Mobile County is only two weeks away from opening a new $2.8 million, state-of-the-art recycling center in West Mobile, primarily funded with a grant through the Coastal Impact Assistance Project (CIAP), but also with $141,000 from the Alabama Department of Environmental Management (ADEM).
The 15,000-square-foot facility is located at 7450 Hitt Road, on property the county already owned. Mobile County Public Affairs Director Nancy Johnson said it was a big factor in determining where to locate the facility.
According to previous reports, the Mobile County Commission approved up to $15,000 for an engineering study of the property in 2012 to determine if improvements would be needed to handle the facility’s traffic.
As a result the study, voters approved a $300,000 resurfacing, repaving and rehabilitation project for a small section of Hitt Road as a part of the county’s 2012 Pay-As-You-Go bonding program. The project has not yet been completed, but should compliment the new recycling center.
“(We) work with a state mandate, passed down from the Environmental Protection Agency, requiring Mobile County to attempt a goal of 25 percent recycling of the community’s waste,” Johnson said. “The requirement is a part of the state’s solid waste regulations, and we have not reached this goal.”
Johnson said those mandates are aimed at reducing the county’s contribution to landfills, which is why this particular project qualified for the CIAP funding. Though the U.S. Fish and Wildlife Service sponsors the CIAP program, its funding comes from royalties paid by oil and gas companies operating in federal waters and not from public taxes.
“There is also is also a demand from the public for recycling services in an effort to be more responsible stewards of our resources – both the natural resources we want to protect, and the throwaways that we want to repurpose and resell,” Johnson said.
Despite managing the grant and overseeing the construction of the recycling center, the repurposing and reselling of the products collected at the facility won’t be Mobile County’s concern.
The nonprofit organization Goodwill Easter Seals of the Gulf Coast will manage the facility including its operation, employees, long-term maintenance and repairs. According to Johnson, Goodwill Easter Seals of the Gulf Coast has also pledged to invest any revenue generated from the facility back into county-wide recycling programs. After its doors open Nov. 20, the county will not take on any cost associated with operating the facility.
Once operational, the Mobile County Recycling Center will accept glass, paper, plastic, aluminum, cardboard, electronics and non-alkaline batteries through residential drop offs. The materials will be baled at the center and then shipped off to be repurposed.
The facility – like the Mobile Metro Recycling Drop-Off Center on Government Street in midtown – will not provide residential pickups for recyclable materials. For now, the operational hours for drop offs are scheduled from 8 a.m. to 6:40 p.m., according to Johnson.
“They will start with four to eight people and lots of volunteers,” she said. “They’ll grow as demand dictates.”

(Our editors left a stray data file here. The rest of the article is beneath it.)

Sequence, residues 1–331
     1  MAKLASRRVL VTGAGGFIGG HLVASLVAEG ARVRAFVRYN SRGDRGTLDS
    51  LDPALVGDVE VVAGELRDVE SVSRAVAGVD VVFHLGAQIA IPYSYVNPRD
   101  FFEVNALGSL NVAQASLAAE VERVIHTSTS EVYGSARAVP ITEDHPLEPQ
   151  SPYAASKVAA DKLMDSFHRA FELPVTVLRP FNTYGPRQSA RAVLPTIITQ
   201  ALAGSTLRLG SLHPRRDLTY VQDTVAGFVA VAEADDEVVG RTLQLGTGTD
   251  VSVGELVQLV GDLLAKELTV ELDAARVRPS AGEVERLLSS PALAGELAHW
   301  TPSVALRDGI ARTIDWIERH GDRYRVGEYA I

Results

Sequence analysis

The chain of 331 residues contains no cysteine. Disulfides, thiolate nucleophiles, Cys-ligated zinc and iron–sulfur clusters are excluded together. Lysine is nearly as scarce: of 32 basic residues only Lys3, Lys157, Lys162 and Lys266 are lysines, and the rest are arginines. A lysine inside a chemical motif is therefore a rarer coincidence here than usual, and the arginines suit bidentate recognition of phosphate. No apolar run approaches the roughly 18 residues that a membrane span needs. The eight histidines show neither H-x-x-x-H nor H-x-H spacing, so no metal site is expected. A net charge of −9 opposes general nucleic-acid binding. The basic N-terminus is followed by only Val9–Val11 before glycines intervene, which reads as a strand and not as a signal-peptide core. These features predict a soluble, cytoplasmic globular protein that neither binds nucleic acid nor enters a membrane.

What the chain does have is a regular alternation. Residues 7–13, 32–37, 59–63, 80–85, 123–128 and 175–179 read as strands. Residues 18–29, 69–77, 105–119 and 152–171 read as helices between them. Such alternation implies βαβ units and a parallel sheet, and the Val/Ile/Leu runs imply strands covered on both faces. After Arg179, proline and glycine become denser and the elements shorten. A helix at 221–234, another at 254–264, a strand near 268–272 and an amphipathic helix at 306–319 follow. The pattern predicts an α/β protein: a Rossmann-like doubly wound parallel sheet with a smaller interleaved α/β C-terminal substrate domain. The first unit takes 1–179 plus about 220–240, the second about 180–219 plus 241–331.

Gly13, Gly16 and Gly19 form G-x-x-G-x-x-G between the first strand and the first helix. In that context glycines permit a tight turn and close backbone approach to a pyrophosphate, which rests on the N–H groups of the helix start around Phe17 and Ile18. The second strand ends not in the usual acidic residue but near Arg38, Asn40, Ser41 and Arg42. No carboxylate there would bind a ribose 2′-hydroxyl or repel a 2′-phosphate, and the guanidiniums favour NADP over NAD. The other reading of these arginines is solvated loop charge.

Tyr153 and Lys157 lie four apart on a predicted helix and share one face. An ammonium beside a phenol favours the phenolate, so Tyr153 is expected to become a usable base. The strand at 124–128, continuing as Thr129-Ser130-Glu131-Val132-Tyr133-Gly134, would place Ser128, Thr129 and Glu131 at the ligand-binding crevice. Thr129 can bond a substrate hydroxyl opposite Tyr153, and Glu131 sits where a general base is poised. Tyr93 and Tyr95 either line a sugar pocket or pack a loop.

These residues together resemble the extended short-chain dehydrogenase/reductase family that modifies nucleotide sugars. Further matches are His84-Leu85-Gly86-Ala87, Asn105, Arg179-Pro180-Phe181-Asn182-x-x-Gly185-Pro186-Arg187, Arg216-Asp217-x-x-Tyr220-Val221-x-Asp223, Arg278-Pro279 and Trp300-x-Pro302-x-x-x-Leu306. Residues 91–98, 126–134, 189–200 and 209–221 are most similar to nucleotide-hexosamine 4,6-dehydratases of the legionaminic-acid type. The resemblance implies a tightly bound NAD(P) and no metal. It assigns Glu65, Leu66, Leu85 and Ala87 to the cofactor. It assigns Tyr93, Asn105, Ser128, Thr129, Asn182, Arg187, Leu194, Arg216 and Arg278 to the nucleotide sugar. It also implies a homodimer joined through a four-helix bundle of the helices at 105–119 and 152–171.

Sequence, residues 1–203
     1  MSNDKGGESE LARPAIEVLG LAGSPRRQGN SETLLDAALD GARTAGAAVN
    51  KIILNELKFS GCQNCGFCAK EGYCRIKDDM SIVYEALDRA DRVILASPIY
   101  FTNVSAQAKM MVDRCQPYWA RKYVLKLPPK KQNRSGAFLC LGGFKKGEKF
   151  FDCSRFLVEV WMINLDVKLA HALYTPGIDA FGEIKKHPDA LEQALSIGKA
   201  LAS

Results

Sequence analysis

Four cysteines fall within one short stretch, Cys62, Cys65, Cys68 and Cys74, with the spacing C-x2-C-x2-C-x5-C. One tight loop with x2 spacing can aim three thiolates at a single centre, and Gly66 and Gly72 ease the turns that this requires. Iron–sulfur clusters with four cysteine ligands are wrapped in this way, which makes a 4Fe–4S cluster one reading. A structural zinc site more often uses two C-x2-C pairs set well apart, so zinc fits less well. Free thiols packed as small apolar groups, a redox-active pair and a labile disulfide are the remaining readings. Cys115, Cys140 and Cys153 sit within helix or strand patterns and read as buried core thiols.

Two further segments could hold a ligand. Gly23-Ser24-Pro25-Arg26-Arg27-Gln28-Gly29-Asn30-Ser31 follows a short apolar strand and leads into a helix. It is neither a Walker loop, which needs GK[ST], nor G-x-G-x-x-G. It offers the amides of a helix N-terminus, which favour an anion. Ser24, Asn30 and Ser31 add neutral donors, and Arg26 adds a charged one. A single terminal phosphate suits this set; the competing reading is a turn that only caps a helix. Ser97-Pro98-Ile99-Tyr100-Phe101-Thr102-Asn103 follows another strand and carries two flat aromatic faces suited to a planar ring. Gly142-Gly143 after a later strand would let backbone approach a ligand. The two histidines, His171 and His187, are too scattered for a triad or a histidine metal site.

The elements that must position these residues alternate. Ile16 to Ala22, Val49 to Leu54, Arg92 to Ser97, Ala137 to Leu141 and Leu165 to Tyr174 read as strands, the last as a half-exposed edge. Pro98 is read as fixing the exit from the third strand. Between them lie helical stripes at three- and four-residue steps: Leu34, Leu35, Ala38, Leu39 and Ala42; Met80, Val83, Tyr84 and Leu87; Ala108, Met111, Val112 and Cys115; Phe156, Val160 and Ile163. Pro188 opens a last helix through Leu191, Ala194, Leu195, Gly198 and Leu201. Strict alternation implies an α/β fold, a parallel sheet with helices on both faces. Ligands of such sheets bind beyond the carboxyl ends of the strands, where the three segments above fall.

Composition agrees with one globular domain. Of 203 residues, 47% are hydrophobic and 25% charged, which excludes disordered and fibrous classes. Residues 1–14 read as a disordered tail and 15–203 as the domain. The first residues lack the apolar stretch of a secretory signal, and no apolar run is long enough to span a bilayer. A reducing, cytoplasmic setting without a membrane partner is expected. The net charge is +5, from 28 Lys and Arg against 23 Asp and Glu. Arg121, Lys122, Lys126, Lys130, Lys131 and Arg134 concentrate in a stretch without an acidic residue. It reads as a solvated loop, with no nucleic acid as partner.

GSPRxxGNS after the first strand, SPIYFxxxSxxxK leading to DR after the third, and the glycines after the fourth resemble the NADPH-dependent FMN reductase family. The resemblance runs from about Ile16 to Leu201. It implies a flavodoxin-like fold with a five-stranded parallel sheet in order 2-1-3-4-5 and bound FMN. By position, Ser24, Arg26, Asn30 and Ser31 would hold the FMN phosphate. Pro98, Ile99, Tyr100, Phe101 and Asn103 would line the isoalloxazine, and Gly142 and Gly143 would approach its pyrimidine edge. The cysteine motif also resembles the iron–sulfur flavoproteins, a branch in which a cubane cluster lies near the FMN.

Though he hopes the new recycling center doesn’t take too much business away from the midtown facility, Bob Haskins of Keep Mobile Beautiful said having another option is going to be a huge asset for the county and the city of Mobile.
“We get a lot of people that come to the Government Street facility from (West Mobile). There’s going to be a lot of things turned in out there,” Haskins said. “It’s going to knock off a little bit of our business, but we just don’t know how much just yet. Ultimately, I do think it will help this facility immensely because we’re slammed here almost every day.”
Mobile’s population is estimated at just under 200,000 and the Mobile Metro Recycling Drop-Off Center is currently the only do-it-yourself recycling option available to the growing number of waste-conscious consumers.
According to data collected by Keep Mobile Beautiful, the Government Street facility received more than 3 million pounds of recyclable materials in 2013 including 1.6 million pounds of paper, 363,620 pounds of cardboard, 668,785 pounds of glass and 202,310 pounds of plastic.
According to Johnson, the county’s facility is expected to be able to handle more waste than the county can produce currently because of its state-of-art machinery. When asked about capacity, she said, “there’s no end number.”
Haskins, who assisted with planning the project, said he’s hopeful the balance between the two facilities will be “just the right amount.”
In addition to its processing ability, the recycling center will also provide an on-site classroom for educational opportunities related to recycling – a part of the facility Haskins said he and the staff at Keep Mobile Beautiful are planning to utilize as well.
“We have an education specialist and we’re hoping we’ll be able to do a few recycling lessons there,” Haskins said. “We’ve been helping since the very beginning when this was all just drawings on a piece of paper. I think it’s a win-win for both of us and Goodwill Easter Seals.”
The Mobile County Commission will host a ribbon cutting at the facility Nov. 20 and material will be accepted immediately.